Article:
Semesa Rokoduguni’s international career, which began against the All Blacks just four days ago, hit its first bump in the road when Stuart Lancaster, the England coach, decided the Bath wing would not recover from a hip injury in time to face the Springboks in this weekend’s high-pressure game at Twickenham. The Fijian-born serviceman may well be replaced in the starting line-up by his club-mate Anthony Watson, who also made a Test debut against the New Zealanders, although Marland Yarde of Harlequins was also named in a 24-man party.
Lancaster also decided to retain the services of the experienced Wasps flanker James Haskell, largely because Tom Wood of Northampton, the senior blind-side specialist, was still feeling the effects of Saturday’s match and failed to take a full part in training. Otherwise, the red-rose hierarchy are sticking with the men who came up short against the world champions.
Rokoduguni, a Lance Corporal in the Royal Scots Dragoon Guards, is deeply unfortunate to forfeit his place at this stage of proceedings, especially as Watson is on the fast track to fame and fortune as a strike runner of unusual potency. He had precious few opportunities with ball in hand during England’s 24-21 defeat by Richie McCaw and company, but justified his place through the quality of his defensive work against the dangerous Julian Savea, who failed to score against England for the first time in four contests.
Meanwhile, the red-rose skills coach Mike Catt, who knows better than anyone how constant changes to a midfield combination can undermine a Test team’s chances of success at international level, threw his weight behind the current centre partnership of Kyle Eastmond, who returned to training after shaking off a sickness bug, and Brad Barritt.
“Hell, how many times was I in and out of the team?”, he asked. “I think it would be very harsh to move those two players on. It’s about continuity. I thought they looked very assured in defence and if we play the way we know we can play, Kyle will get more into the game creatively.”
Catt added: “As for Brad, he does the simple things well. What he brings are the things you don’t see. He’s one of the leaders: he speaks exceptionally well, he’s composed, he offers people solutions.”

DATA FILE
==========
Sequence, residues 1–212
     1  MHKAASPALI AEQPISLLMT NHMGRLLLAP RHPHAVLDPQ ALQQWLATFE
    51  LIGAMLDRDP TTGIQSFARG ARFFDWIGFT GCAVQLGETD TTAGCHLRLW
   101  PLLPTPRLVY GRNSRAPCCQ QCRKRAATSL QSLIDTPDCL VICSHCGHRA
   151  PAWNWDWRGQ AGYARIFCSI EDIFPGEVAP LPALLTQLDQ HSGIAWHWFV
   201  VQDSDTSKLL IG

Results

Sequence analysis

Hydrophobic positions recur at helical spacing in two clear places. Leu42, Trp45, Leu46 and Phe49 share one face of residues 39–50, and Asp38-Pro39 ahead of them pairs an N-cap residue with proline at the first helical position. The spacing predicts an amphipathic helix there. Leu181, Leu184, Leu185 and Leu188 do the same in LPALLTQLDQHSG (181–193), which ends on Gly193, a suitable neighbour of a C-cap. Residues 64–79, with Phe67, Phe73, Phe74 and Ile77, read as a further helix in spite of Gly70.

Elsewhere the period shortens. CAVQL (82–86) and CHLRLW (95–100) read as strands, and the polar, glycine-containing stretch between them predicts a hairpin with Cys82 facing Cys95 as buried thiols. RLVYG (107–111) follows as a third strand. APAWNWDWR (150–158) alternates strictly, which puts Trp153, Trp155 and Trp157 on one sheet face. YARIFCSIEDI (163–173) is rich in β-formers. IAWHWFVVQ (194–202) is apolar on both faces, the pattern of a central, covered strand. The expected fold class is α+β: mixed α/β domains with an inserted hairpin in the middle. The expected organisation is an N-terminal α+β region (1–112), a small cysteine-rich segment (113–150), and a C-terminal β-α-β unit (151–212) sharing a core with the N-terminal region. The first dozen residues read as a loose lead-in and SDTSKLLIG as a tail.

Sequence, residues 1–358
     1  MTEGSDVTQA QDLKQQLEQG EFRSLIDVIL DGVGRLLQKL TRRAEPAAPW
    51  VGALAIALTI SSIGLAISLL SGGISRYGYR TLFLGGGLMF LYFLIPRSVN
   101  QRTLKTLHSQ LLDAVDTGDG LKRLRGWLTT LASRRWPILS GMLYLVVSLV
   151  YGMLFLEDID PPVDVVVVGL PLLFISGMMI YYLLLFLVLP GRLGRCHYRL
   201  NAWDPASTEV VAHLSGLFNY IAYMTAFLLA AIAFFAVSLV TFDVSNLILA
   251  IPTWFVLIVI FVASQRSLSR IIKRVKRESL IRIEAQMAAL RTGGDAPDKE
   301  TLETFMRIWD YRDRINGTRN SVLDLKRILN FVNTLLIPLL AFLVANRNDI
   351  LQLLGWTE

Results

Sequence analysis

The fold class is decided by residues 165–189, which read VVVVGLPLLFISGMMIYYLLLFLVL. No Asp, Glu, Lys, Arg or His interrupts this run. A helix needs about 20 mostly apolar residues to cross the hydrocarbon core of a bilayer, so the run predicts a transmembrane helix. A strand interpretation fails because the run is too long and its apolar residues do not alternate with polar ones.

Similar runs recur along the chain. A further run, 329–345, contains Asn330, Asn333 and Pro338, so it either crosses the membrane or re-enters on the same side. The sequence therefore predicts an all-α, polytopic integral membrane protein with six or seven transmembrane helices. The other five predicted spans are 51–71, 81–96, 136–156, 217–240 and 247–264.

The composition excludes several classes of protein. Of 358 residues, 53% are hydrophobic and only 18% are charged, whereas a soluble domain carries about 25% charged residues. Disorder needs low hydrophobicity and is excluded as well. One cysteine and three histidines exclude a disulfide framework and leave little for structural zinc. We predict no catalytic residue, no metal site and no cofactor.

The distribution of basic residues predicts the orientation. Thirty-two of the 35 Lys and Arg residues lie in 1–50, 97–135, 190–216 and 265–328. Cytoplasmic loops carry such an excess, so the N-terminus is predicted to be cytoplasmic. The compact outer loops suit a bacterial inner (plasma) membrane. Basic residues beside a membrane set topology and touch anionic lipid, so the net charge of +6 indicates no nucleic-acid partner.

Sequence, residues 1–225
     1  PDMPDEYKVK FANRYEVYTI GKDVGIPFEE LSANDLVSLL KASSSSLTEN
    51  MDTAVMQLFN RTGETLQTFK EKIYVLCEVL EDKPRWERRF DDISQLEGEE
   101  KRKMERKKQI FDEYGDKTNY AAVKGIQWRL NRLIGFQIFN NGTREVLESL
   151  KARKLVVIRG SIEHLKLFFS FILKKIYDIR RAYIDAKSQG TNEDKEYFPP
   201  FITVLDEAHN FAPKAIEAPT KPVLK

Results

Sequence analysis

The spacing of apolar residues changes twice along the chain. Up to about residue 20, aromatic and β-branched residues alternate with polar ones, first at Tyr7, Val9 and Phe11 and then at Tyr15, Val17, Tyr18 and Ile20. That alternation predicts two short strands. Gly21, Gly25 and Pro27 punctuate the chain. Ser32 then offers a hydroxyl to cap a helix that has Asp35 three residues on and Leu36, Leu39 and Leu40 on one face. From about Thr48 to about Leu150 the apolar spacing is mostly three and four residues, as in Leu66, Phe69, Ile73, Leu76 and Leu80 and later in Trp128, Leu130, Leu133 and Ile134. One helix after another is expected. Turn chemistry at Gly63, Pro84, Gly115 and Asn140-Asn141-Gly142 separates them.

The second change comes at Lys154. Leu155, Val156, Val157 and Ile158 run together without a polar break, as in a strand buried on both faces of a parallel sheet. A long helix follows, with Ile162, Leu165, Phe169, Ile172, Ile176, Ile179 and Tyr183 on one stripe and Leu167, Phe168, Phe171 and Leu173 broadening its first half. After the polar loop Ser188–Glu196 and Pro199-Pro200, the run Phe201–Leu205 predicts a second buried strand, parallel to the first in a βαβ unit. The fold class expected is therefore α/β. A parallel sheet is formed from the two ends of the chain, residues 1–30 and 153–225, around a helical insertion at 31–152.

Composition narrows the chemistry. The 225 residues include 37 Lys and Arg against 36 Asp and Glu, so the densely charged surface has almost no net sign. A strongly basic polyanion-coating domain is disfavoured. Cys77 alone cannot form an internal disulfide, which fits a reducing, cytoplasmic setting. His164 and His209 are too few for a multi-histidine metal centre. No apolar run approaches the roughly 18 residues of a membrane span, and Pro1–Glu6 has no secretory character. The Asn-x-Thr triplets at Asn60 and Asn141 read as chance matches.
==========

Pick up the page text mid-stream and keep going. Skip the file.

Catt’s support of the status quo did not mean he was in denial over the failures in back-line delivery that cost England a genuine shot at victory against New Zealand on Saturday. “We base things around our decision-making and we feel a lot of the decisions against the All Blacks were right,” he argued. “But while we knew exactly what we were trying to do, the execution let us down. We’re looking very closely at that aspect now because it’s something we have to get right.”
And the sooner the better. There is a growing clamour for a new-look playmaking axis featuring the diminutive Bath outside-half George Ford at No 10 and a shift to inside centre for Owen Farrell – an old-fashioned, New Zealand-style “first and second five-eighth” arrangement. As there is also a clear case for restoring the Gloucester captain Billy Twelvetrees to the equation, the waters could hardly be muddier.
After Catt, who hails from Port Elizabeth, had summarised the challenge facing England this weekend in graphic terms – “Against South Africa, you have to find a way of stopping the big green machine rolling,” he said – it was interesting to hear Barritt, also born and raised in South Africa, talk about his personal drive to perform well against the people he would once have called countrymen.
“Yes, there’s added incentive in playing against the country of your birth,” the man from Natal acknowledged. “I’ve been here seven years and I feel I’m truly integrated now, into English life as well as the England team. I consider this to be home. But it’s an interesting dynamic for me, facing the Springboks, because I played with some of them in the past. Their front-rowers are from Durban; so is J P Pietersen [the World Cup-winning wing]. My wife and his fiancee are very good friends, so we spend some time together.”
Might he be tempted to send the odd text message, like another Pietersen we can think of? By way of response, Barritt offered a wry smile, followed by a vigorous shake of the head. What about sledging, then? Were the Springboks particularly aggressive in the verbals department when they found themselves playing against one of their own? “If it comes my way, I’ll be happy to take it and give some back,” he responded. “But rugby isn’t like cricket. You don’t have much time to think about it.”Reuse content